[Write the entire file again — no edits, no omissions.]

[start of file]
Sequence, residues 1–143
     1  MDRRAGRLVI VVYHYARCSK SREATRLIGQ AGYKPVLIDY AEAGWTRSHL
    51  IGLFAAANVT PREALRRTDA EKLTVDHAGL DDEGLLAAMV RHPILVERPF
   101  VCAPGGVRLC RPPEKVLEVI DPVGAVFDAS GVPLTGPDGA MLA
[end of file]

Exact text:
Sequence, residues 1–143
     1  MDRRAGRLVI VVYHYARCSK SREATRLIGQ AGYKPVLIDY AEAGWTRSHL
    51  IGLFAAANVT PREALRRTDA EKLTVDHAGL DDEGLLAAMV RHPILVERPF
   101  VCAPGGVRLC RPPEKVLEVI DPVGAVFDAS GVPLTGPDGA MLA